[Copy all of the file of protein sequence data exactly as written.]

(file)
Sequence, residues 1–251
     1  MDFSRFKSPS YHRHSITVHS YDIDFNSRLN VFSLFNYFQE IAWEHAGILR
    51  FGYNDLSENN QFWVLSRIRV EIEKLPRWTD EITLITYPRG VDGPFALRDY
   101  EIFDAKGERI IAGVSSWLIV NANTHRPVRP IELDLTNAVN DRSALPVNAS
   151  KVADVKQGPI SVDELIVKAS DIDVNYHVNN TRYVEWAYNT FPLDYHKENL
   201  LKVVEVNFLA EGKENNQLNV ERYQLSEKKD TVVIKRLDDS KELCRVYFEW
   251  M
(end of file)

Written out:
Sequence, residues 1–251
     1  MDFSRFKSPS YHRHSITVHS YDIDFNSRLN VFSLFNYFQE IAWEHAGILR
    51  FGYNDLSENN QFWVLSRIRV EIEKLPRWTD EITLITYPRG VDGPFALRDY
   101  EIFDAKGERI IAGVSSWLIV NANTHRPVRP IELDLTNAVN DRSALPVNAS
   151  KVADVKQGPI SVDELIVKAS DIDVNYHVNN TRYVEWAYNT FPLDYHKENL
   201  LKVVEVNFLA EGKENNQLNV ERYQLSEKKD TVVIKRLDDS KELCRVYFEW
   251  M